A BETTER broadband service could be on the way for Tweedbank within a matter of weeks, British Telecom has confirmed.
The issue of slow broadband speeds has plagued the village and led to repeated calls for action by the local community council.
At the group's annual meeting in June, chairman John Cavaroli said improving the provision of broadband in Tweedbank - for both businesses and residents - remained the number one priority.
Scottish Borders Council leader, David Parker, who lives in Tweedbank, said an announcement was expected 'imminently' that BT would be making its high speed fibre optic service 'Infinity' available to the village.
"The council and the Scottish Govrnment are working on better broadband for the Borders. There is a chance Tweedbank could be part of the first tranche."
And, with BT vans seen in and around Tweedbank as well as Galashiels in recent weeks, a spokesman confirmed: "We are working to upgrade the Galashiels exchange for super-fast broadband with the aim of it going live in the autumn.
A number of street cabinets in the Tweedbank area are also being upgraded as part of this programme."
Asked if this meant super-fast broadband would then be available in Tweedbank, the spokesman added: "Yes, but as is the case with all the exchanges in our programme, not everyone in the area will benefit immediately."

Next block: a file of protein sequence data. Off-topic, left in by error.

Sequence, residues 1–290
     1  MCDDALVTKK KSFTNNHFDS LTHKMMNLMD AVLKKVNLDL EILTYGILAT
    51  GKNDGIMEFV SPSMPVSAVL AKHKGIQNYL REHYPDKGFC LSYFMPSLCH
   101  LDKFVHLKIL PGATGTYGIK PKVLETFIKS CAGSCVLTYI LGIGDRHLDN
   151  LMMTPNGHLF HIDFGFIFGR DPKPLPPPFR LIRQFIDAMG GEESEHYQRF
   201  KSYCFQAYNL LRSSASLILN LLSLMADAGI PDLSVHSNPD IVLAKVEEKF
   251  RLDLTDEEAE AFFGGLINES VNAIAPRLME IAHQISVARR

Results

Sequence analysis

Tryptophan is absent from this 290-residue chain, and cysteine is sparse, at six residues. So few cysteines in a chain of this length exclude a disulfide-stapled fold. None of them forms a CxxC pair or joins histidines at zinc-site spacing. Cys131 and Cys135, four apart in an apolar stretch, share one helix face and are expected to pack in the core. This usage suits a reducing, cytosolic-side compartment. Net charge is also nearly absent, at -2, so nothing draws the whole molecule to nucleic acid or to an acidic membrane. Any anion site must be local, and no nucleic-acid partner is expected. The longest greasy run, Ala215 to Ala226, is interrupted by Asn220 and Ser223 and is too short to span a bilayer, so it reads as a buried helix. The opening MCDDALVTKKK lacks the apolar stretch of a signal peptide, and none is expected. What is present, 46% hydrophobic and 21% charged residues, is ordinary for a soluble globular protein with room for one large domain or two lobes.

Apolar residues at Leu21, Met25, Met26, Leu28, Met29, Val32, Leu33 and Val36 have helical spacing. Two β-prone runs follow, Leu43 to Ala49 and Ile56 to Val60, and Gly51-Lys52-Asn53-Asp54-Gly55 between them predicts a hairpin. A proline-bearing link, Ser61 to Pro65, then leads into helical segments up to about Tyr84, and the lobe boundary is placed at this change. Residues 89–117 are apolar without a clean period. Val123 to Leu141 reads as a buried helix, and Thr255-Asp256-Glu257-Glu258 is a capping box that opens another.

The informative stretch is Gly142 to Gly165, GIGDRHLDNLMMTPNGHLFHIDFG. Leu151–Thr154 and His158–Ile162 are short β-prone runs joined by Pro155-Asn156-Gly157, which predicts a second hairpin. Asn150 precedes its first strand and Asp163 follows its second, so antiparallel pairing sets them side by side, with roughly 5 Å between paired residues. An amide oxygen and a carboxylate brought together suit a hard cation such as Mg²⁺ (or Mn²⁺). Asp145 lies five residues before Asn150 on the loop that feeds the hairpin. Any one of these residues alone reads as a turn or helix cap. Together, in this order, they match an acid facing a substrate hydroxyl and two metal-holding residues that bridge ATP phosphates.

He added: "In total, more than 7,000 homes and businesses in the Galashiels area will benefit from fibre optic broadband as part of BT's 2.5billion roll-out programme.
"BT's local network business Openreach expects to make high-speed fibre optic broadband available to two-thirds of UK homes and businesses by the end of 2015.
"It is using a maix of fibre to the cabinet and fibre to the premises technologies. Both provide much faster speeds than those previously available to many homes and businesses.
"Due to current network topography and the economics of deployment, it is likely that a small minority of premises within the exchange areas being upgraded will not initially be able to be served by fibre-based broadband. However, Openreach is actively looking at alternative solutions for these locations."
Mr Cavaroli said he looked forward to an official announcement from BT about the availability of fibre-optic broadband in Tweedbank.
But he added: "It would be brilliant - such a boon to the village. A lot of the businesses would be over the moon.
"I know of some businesses that have tried to spend quite large amounts of money to upgrade their systems only to be told it would be useless to do so because of the slow poor broadband connection."